Frequent occurrence of undiagnosed pelvic inflammatory disease in remote communities of central Australia

Bronwyn Joy Silver, Janet Knox, Kirsty Smith, James Ward, Jacqueline Boyle, Rebecca Guy, John Kaldor, Alice Rumbold

    Research output: Contribution to journalArticleResearchpeer-review

    Abstract

    Objective: To assess the extent of diagnosed and undiagnosed pelvic inflammatory disease (PID) in Aboriginal women in remote central Australia.

    Design, setting and subjects: Retrospective cross-sectional study in five remote central Australian primary health care centres. Medical records of all resident Aboriginal women aged 14–34 years were examined. Data were from presentations with documented lower abdominal pain, excluding other causes, for 2007–2008.

    Main outcome measures: PID investigations undertaken, PID diagnoses made, recommended treatment, and presentations meeting the guideline criteria for diagnosing PID based on pelvic examination, symptom profile or history.

    Results: Of 655 medical records reviewed, 119 women (18%) presented 224 times with lower abdominal pain. Recommended investigations to diagnose PID were infrequently undertaken: bimanual examination (15 cases [7%]); testing for gonorrhoea and chlamydia (78 [35%]); and history taking for vaginal discharge (59 [26%]), intermenstrual bleeding (27 [12%]) and dyspareunia (17 [8%]). There were 95 presentations (42%) consistent with guidelines to diagnose PID, most (87 [39%]) based on symptom profile and history. Of these, practitioners made 15 diagnoses of PID, and none had the recommended treatment documented.

    Conclusion: Pelvic inflammatory disease occurred frequently among Aboriginal women in central Australia during the study period but was vastly underdiagnosed and poorly treated. Undiagnosed or inadequately treated PID leads to poorer reproductive health outcomes in the long term. Increased awareness of PID symptoms, diagnosis and treatment and a revision of the guidelines is needed to improve detection and management of PID in this high-risk setting.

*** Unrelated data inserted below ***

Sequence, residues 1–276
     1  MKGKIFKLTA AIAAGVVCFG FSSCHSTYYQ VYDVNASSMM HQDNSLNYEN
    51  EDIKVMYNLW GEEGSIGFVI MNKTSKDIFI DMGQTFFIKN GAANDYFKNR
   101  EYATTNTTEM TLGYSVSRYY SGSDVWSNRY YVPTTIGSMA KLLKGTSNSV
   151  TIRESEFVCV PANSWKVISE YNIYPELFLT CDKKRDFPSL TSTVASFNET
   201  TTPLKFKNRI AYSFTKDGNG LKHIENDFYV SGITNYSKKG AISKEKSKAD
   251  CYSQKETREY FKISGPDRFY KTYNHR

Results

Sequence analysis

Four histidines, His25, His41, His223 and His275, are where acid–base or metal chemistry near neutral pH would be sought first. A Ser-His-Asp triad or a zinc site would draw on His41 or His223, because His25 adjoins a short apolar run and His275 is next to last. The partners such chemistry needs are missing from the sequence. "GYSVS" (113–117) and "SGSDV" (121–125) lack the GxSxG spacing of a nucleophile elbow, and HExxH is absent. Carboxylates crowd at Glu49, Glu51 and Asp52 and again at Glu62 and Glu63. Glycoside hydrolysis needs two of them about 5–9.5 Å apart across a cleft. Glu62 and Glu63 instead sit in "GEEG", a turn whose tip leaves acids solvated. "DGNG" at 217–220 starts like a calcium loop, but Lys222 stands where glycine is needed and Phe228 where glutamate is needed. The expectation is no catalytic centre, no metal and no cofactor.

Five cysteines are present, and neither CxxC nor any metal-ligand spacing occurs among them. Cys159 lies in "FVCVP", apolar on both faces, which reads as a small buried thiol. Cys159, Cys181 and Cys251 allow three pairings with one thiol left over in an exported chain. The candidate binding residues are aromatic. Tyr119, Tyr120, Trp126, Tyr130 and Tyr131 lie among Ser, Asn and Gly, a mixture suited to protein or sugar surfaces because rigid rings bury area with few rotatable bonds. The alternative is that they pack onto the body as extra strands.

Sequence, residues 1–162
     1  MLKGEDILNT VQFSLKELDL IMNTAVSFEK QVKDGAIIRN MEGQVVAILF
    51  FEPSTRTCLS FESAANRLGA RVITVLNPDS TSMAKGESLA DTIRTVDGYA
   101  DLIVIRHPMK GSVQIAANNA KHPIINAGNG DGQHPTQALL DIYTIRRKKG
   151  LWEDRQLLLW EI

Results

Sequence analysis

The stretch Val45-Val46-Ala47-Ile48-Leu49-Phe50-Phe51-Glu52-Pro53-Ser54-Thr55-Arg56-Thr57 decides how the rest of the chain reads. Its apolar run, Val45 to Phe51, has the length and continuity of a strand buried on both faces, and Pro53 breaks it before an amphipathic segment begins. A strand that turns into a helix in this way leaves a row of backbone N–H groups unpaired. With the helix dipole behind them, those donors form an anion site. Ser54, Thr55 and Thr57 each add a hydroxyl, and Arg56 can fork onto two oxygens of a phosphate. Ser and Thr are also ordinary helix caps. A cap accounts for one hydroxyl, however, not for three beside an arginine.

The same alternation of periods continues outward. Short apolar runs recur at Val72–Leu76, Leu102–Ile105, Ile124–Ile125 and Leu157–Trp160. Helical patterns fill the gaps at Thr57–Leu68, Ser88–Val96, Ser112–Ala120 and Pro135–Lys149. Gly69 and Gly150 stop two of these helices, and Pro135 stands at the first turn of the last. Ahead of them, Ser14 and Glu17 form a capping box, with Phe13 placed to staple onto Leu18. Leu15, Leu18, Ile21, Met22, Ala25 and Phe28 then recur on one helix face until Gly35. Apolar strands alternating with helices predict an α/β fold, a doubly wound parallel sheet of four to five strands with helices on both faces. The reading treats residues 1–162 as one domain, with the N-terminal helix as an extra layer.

Original languageEnglish
    Pages (from-to)647-651
    Number of pages5
    JournalMedical Journal of Australia
    Volume197
    Issue number11
    DOIs
    Publication statusPublished - 2012

    Fingerprint

    Pelvic Inflammatory Disease
    Guidelines
    Abdominal Pain
    Medical Records
    History
    Dyspareunia
    Vaginal Discharge
    Gynecological Examination
    Metrorrhagia
    Chlamydia
    Gonorrhea
    Reproductive Health
    Primary Health Care
    Therapeutics
    Cross-Sectional Studies
    Outcome Assessment (Health Care)

    Cite this

    Silver, B. J., Knox, J., Smith, K., Ward, J., Boyle, J., Guy, R., ... Rumbold, A. (2012). Frequent occurrence of undiagnosed pelvic inflammatory disease in remote communities of central Australia. Medical Journal of Australia, 197(11), 647-651. https://doi.org/10.5694/mja11.11450